Review: First Nations Version

First Nations Version: An Indigenous Translation of the New Testament, Terry M. Wildman, Consulting editor, First Nations Version Translation Council. Downers Grove: InterVarsity Press, 2022.

Summary: A dynamic equivalent English translation of the New Testament by and for the First Nations people in North America, using the cultural idioms resonating with First Nations people.

“Creator’s blessing rests on the ones who walk a trail of tears, for he will wipe the tears from their eyes and comfort them.”

Matthew 5:4, First Nations Version

I had just begun reading through the First Nations Version of the New Testament when this translation of Matthew 5:4, amid what we call the Beatitudes, stopped me in my tracks. The Trail of Tears is a reference to one of the most tragic episodes of American history, when the administration of Andrew Jackson forcibly removed the “Five Civilized Tribes,” the peoples of the Cherokee, Muscogee (Creek), Seminole, Chickasaw, and Choctaw Nations from the southeastern United States to land west of the Mississippi. Over 60,000 were removed and many never made it, dying from exposure, disease, and starvation. If another nation were doing this, we might call it genocide. I was talking with Richard Foster during a recent interview and he observed that there is not a Native Person in this country who has not walked a trail of tears. The actions of Jackson’s administration epitomized what happened throughout this continent.

What a powerful idiom for a First Nations person! I do not think “Blessed are those who mourn, for they will be comforted” (Mathew 5:4, NIV) would speak in the same way. It doesn’t for me. I found myself lamenting our terrible history of displacing people from their ancestral lands across this country, certainly in my own state where the name of every river, and even the name of the state, attest to the people whose ancestral home is where I have lived my whole life.

This one verse illustrates the basic approach of the First Nations Version translators. It is a “thought for thought” or dynamic equivalence approach, seeking to use cultural idioms that speak, in English, to the hearts of First Nations people. Terry M. Wildman, the lead translator of a council of twelve all represented the diverse tribal and denominational heritages of North America. Wycliffe Associates of Orlando provided technical support and funding to gather this council. Between the council and reviewers and cultural consultants, thirty-three tribal heritages were represented. They also enjoyed the collaborative support of Rain Ministries, OneBook of Canada, Wycliffe Associates, Native InterVarsity, and Mending Wings.

I was struck that this translation reflects an oral, story-telling culture. This is reflected in this video in which Terry Wildman renders the translation of the Lord’s prayer and teaching on prayer (Luke 11:1-4; 9-10)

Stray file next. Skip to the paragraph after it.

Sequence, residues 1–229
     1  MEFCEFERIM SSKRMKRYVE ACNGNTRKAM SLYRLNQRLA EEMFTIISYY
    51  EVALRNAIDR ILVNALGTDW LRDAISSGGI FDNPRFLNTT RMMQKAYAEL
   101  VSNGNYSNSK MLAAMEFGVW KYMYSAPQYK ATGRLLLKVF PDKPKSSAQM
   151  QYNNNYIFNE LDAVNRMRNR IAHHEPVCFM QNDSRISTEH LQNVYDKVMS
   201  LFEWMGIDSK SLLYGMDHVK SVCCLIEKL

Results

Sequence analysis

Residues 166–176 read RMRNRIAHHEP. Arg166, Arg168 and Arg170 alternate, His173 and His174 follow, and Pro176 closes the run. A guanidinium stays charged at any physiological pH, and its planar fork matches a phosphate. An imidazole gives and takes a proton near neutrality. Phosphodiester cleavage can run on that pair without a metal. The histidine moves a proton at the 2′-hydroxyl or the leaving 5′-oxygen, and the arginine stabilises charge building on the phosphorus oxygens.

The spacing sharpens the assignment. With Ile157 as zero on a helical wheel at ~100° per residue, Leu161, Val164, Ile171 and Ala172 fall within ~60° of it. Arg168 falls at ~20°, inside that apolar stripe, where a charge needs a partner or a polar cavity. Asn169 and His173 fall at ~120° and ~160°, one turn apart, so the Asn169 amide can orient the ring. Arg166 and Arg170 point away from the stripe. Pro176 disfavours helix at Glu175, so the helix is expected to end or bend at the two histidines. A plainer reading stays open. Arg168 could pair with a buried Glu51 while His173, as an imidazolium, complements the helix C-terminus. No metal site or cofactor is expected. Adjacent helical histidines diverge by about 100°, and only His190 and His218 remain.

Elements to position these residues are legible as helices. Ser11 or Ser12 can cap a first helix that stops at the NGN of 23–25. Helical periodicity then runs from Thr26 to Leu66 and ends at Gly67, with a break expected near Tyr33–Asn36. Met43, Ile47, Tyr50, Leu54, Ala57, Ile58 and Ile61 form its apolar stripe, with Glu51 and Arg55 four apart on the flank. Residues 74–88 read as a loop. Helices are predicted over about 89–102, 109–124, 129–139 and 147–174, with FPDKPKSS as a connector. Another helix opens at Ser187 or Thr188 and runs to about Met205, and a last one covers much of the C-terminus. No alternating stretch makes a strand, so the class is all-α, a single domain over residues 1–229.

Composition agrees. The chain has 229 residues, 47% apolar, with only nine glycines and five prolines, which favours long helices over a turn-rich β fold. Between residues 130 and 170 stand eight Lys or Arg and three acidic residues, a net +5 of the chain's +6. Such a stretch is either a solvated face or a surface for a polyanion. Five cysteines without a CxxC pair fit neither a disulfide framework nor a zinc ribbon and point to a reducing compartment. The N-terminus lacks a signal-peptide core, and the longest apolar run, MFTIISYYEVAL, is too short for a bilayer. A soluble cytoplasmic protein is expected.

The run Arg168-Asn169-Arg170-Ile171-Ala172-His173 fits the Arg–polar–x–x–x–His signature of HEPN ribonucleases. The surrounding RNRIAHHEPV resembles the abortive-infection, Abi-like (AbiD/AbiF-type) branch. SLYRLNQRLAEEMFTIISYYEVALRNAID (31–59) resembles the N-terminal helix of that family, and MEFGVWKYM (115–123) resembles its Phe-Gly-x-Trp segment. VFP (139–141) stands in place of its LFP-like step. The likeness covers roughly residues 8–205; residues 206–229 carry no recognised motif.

One of the other distinctions of this translation is the translation of the meaning of Greek and Hebrew names and titles. Jesus is “Creator Sets Free.” Abraham is “Father of Many Nations.” Jerusalem is “Village of Peace.” Both Jewish and tribal cultures believe names have meaning, and so they chose to translate the meaning of names. Other concepts are idiomatically translated: rabbis are “wisdomkeepers,” temples are “sacred lodges,” angels are “spirit-messengers.” The Gospel of John is “He Shows Goodwill Tells the Good Story.” More information about the translation process may be found at the First Nations Version website.

At times, the text includes insertions of explanatory or transitional material, aiding in the understanding of the story. This is set off with a sidebar and italics. I did not find this to be intrusive. I also felt that the dynamic equivalent, idiomatic rendering brought out meaning in the text but seemed less interpretive to me than Eugene Peterson’s The Message, which is more of a paraphrase. I suspect this reflects the careful control of a translation council and Wycliffe Associates technical assistance. The only challenge is that when you have a number of translated names in a passage, the reading aloud of the passage may be cumbersome, as I found in using this version for a reading that included the names of the twelve apostles.

It is subtle, but I also thought this version captured the context of Jews under Roman Rule–the People of Iron. Reading scripture through indigenous eyes seemed to emphasize the realities of being subject tribes, that we may not so readily see in other dominant Western culture translations. The use of Outside Nations rather than “Gentile” gave much more a sense of the “otherness” of these people, and the remarkable thing that happens when the good story goes to those “outside.”

The primary audience for this translation are the over six million First Nations people of North America. But this is also a translation for those who want to read scripture through indigenous eyes. I want to use this side by side with other translations in study. I’m also heartened to hear that work has begun on a translation of Psalms and Proverbs. Under God’s grace and provision, I hope we will see the remainder of the Old Testament translated someday. There is so much of God’s good story yet to be rendered. But this is a good beginning.


Disclosure of Material Connection: I received a complimentary review copy of this book from the publisher.

I will be interviewing Terry M. Wildman, lead translator of the First Nations Version today, February 9, 2023 at 2 pm ET. You may join this live interview by registering at:

One thought on “Review: First Nations Version

  1. Pingback: The Month in Reviews: February 2023 | Bob on Books

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